The Obese Patient

Andra L. Blomkalns, David W. Silver

Research output: Chapter in Book/Report/Conference proceedingChapter

1 Scopus citations

Abstract

Obesity has reached epidemic proportions and is increasingly prevalent in the emergency medicine patient population. More than 1 billion adults globally are overweight and at least 300 million of these are clinically obese. Obesity is a complex clinical condition, affecting all organ systems, patient ages, and socioeconomic groups. Obese patients manifest a unique physiology that emergency physicians must recognize and, as a result, appropriately modify their diagnostic and treatment decisions. For example, following trauma, obese patients sustain different injuries and have worse outcomes related to comorbidities. Obese patients with sepsis may require altered doses of antibiotics and special ventilator management. Procedures such as endotracheal intubation, venous access, lumbar puncture, and needle thoracostomy require modifications of technique and equipment. This chapter summarizes the unique pathophysiology of obesity and provides practical suggestions for the diagnosis and treatment of obese patients presenting to the emergency department (ED).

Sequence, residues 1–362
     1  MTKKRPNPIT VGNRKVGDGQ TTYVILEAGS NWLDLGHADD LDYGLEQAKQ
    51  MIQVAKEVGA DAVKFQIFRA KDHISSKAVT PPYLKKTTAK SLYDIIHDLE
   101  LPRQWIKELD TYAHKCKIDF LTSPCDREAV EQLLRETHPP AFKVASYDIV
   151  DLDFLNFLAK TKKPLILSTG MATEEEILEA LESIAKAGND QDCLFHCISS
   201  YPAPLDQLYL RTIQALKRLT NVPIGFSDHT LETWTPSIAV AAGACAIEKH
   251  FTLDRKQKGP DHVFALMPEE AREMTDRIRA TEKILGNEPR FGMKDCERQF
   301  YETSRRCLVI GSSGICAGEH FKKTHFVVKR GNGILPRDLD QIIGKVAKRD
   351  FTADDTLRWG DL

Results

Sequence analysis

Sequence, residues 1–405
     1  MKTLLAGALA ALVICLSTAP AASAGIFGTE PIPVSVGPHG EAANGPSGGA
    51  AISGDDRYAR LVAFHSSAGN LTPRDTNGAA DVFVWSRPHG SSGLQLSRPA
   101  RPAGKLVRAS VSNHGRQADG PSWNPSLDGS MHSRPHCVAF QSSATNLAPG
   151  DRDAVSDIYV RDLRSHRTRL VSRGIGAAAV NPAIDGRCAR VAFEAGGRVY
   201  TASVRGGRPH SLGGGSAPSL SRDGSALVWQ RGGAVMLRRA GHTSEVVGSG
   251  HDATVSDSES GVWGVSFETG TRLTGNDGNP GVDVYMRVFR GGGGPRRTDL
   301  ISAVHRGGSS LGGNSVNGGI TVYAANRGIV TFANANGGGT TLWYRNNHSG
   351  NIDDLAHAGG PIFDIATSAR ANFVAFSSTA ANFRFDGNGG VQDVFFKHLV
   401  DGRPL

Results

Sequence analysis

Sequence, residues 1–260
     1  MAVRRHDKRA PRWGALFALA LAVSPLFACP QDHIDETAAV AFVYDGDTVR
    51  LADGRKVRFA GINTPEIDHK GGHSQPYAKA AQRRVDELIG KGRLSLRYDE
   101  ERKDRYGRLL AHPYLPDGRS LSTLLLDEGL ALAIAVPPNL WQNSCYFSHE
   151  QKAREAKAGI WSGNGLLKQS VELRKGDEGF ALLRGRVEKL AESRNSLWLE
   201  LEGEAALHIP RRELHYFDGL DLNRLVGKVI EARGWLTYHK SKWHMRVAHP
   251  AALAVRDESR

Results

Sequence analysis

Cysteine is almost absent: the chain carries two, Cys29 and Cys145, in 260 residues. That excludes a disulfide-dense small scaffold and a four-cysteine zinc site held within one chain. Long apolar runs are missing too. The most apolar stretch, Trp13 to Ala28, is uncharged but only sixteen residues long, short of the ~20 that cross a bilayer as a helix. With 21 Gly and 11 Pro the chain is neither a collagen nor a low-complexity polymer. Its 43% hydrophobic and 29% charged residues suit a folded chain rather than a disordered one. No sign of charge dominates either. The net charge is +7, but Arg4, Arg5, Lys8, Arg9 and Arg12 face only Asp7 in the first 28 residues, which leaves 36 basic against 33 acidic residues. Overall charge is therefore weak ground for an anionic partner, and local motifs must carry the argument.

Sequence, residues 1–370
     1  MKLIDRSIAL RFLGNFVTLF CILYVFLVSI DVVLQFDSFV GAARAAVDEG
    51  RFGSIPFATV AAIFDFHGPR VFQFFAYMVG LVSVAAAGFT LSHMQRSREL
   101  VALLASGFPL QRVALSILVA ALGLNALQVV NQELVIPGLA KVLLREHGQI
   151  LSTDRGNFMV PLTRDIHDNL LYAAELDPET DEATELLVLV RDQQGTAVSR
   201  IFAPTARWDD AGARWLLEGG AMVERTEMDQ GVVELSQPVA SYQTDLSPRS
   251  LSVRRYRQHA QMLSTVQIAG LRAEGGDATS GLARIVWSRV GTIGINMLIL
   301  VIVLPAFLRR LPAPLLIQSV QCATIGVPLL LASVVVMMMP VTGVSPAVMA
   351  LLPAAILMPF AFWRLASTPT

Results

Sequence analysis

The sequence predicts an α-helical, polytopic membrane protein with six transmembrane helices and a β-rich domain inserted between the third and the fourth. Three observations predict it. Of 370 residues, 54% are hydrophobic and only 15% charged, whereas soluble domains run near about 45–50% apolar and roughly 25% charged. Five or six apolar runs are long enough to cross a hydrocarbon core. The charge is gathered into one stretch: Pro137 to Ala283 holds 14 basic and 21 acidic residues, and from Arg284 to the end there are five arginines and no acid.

Original languageEnglish (US)
Title of host publicationChallenging and Emerging Conditions in Emergency Medicine
PublisherWiley-Blackwell
Pages204-227
Number of pages24
ISBN (Print)9780470655009
DOIs
StatePublished - May 12 2011

Keywords

  • Body weight
  • Critical care
  • Emergency department
  • Epidemic
  • Obesity
  • Procedures
  • Resuscitation
  • Sepsis
  • Trauma

ASJC Scopus subject areas

  • Medicine(all)

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  • Cite this

    Blomkalns, A. L., & Silver, D. W. (2011). The Obese Patient. In Challenging and Emerging Conditions in Emergency Medicine (pp. 204-227). Wiley-Blackwell. https://doi.org/10.1002/9781119971603.ch11